High blood pressure, or hypertension, is one of the most common health conditions around — you probably know someone with it. One in three people, or 70 million Americans, have high blood pressure. There are many easy ways to manage your blood pressure. You may not understand fully why your health care provider thinks controlling your blood pressure is so important. But when you learn more about what high blood pressure means, what causes it, and how it can affect your health, their concern will make sense.
What is high blood pressure?
Both high blood pressure and hypertension refer to excessive force on your artery walls as your heart pumps blood throughout your body. The top number (systolic) is the pressure when your heart contracts. The bottom number (diastolic) is the pressure when your heart is relaxed. If either number is above normal, your blood pressure is high.
Over time, high blood pressure can damage your heart and blood vessels. It’s a major risk for heart attack and stroke. Fortunately, it can be managed with healthy eating and exercise habits, plus medication when necessary.
Sit down and put on an automated blood pressure cuff. Place your arm on a table so that it’s at about the same level as your heart and make sure your feet are flat on the floor Before pressing “start”, make sure you’ve rested in a seated position for at least a few minutes, and you’re breathing normally.
What causes high blood pressure?
High blood pressure is caused by a complex mix of genetic and environmental factors. Sometimes it’s caused by a separate medical condition, such as a hormone or kidney disorder, but for most people it seems to develop on its own. Risk factors for high blood pressure include:
- Age: Our arteries harden as we get older, making it more difficult for our heart to pump blood through our body
- Lifestyle: Smoking, obesity, excessive alcohol intake, inactivity, high-sodium diet
- Family history: You’re twice as likely to have high blood pressure if one or both of your parents do
- Race or ethnicity: High blood pressure is more common, more severe, and occurs earlier in life for Black men and women
- Medical conditions: Having diabetes or high cholesterol seems to make you more likely to have hypertension as well
What are the symptoms of high blood pressure?
High blood pressure is often called a “silent” disease because most people don’t feel any symptoms until many years in, when it has already damaged their kidneys, heart, or nervous system. Acute symptoms of extremely high blood pressure may include: severe headache, nausea or vomiting, blurry vision, chest pain, shortness of breath, swelling in your legs, or confusion. Learn common misconceptions about high blood pressure.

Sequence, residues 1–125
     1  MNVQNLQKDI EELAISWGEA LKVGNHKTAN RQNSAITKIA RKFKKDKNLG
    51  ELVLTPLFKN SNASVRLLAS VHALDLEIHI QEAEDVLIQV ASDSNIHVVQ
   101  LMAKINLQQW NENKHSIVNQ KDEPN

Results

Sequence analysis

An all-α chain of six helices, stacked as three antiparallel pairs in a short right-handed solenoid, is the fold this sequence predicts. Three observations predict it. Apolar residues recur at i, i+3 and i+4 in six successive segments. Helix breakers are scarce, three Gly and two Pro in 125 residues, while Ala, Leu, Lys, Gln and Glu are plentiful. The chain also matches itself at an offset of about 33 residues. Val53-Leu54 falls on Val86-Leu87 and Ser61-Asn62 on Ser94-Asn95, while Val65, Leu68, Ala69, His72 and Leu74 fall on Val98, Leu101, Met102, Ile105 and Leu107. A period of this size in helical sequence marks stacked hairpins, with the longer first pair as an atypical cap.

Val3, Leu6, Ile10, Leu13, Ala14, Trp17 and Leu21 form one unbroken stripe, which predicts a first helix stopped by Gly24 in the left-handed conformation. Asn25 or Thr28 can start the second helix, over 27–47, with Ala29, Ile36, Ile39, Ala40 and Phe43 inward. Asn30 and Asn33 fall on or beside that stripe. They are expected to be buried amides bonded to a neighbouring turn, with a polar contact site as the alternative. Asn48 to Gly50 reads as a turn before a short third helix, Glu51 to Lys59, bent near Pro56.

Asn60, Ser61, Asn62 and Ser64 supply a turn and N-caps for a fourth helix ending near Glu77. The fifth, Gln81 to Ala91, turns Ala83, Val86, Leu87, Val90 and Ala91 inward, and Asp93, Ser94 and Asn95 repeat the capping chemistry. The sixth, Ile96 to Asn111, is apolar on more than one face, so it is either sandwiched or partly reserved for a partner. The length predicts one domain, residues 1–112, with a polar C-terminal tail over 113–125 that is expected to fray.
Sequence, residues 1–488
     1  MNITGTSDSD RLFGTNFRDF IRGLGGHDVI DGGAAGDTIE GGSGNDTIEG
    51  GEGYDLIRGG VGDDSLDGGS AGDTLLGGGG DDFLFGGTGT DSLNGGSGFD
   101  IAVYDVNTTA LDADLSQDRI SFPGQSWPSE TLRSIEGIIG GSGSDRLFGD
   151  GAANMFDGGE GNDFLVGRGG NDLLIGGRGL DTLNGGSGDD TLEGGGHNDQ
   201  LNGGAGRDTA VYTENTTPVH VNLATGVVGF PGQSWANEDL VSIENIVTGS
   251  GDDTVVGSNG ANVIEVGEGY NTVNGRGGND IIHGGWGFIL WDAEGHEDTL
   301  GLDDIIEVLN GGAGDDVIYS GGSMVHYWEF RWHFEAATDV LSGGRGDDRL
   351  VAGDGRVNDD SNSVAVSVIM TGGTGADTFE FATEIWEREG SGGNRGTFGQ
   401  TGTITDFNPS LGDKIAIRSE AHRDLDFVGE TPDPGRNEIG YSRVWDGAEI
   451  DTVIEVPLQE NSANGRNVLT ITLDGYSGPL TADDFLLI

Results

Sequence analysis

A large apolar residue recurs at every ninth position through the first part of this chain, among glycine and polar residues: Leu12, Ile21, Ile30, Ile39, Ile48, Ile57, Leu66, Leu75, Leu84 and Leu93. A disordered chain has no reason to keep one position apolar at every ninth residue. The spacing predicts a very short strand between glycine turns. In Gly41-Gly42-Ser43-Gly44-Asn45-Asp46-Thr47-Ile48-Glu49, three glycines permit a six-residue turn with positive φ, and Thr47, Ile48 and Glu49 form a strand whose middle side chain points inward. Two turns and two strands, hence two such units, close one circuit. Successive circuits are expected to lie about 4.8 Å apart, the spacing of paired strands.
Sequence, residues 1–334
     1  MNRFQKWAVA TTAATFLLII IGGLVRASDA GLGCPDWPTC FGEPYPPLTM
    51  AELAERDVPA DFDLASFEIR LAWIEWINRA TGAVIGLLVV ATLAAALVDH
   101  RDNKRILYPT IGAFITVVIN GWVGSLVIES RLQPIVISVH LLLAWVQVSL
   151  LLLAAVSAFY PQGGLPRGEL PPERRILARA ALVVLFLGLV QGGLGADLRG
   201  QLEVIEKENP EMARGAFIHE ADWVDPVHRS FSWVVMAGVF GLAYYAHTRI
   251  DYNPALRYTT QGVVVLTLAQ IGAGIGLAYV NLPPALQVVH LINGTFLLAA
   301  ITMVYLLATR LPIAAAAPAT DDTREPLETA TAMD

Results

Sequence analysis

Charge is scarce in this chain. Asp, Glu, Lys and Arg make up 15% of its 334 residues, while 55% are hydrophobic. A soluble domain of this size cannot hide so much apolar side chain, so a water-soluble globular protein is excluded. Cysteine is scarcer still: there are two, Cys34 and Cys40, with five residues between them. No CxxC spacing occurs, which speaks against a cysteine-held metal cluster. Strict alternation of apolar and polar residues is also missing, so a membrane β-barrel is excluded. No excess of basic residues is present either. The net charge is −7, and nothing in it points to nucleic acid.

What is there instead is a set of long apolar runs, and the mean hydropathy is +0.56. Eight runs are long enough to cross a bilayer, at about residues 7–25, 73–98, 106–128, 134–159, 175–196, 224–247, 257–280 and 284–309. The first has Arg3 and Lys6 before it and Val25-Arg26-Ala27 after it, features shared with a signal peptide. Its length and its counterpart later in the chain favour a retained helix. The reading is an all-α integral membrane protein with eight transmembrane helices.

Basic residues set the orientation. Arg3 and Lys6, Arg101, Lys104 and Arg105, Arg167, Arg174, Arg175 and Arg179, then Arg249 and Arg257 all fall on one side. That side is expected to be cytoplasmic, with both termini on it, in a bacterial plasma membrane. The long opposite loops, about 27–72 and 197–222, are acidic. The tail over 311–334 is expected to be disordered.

How is hypertension diagnosed?
Being diagnosed with high blood pressure is a process that often takes more than just one or two office visits. It’s common to get “white coat hypertension” that raises your pressure when you’re with your health care provider, so a true diagnosis comes from multiple measurements over weeks to months, either at home or with your provider.
What is the treatment for high blood pressure?
For some people, changing exercise and eating habits is enough to normalize their blood pressure. Other people may need to add one or more medications to lower their blood pressure. If you need medications, your provider will work with you to adjust your dose until you reach your personal blood pressure target — 140/90 or 150/90, depending on your age and other health conditions. Individuals over age 50 who have particularly high cardiovascular risk may have an even lower risk of heart attack, stroke, and death by hitting a more aggressive systolic blood pressure goal of 120. Talk to your provider about the pros and cons and what’s right for you.
What are some complications of having high blood pressure?
Because high blood pressure is a major risk factor for heart attack and stroke, it’s important to get your blood pressure under control to prevent damage to your cardiovascular system over the long term. High blood pressure can also lead to problems with your vision, kidneys, nervous system, and wound healing.
Fortunately, it’s relatively easy to control your blood pressure with heart-healthy habits and medication, if your provider thinks it’s needed. In Your Guide to Managing Your Blood Pressure, you’ll learn what you and your provider can do to get your blood pressure under control.